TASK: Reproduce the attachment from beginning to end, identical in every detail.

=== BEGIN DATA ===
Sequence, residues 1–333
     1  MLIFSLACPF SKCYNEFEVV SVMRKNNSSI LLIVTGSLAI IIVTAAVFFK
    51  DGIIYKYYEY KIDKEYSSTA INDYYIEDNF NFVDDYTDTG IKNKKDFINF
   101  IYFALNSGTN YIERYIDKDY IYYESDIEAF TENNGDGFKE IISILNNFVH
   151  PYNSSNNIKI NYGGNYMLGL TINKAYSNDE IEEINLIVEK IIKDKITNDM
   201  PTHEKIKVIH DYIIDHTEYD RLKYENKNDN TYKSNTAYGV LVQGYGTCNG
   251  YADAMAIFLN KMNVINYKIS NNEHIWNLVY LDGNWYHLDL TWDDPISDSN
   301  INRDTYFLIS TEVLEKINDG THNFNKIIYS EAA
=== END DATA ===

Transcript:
Sequence, residues 1–333
     1  MLIFSLACPF SKCYNEFEVV SVMRKNNSSI LLIVTGSLAI IIVTAAVFFK
    51  DGIIYKYYEY KIDKEYSSTA INDYYIEDNF NFVDDYTDTG IKNKKDFINF
   101  IYFALNSGTN YIERYIDKDY IYYESDIEAF TENNGDGFKE IISILNNFVH
   151  PYNSSNNIKI NYGGNYMLGL TINKAYSNDE IEEINLIVEK IIKDKITNDM
   201  PTHEKIKVIH DYIIDHTEYD RLKYENKNDN TYKSNTAYGV LVQGYGTCNG
   251  YADAMAIFLN KMNVINYKIS NNEHIWNLVY LDGNWYHLDL TWDDPISDSN
   301  INRDTYFLIS TEVLEKINDG THNFNKIIYS EAA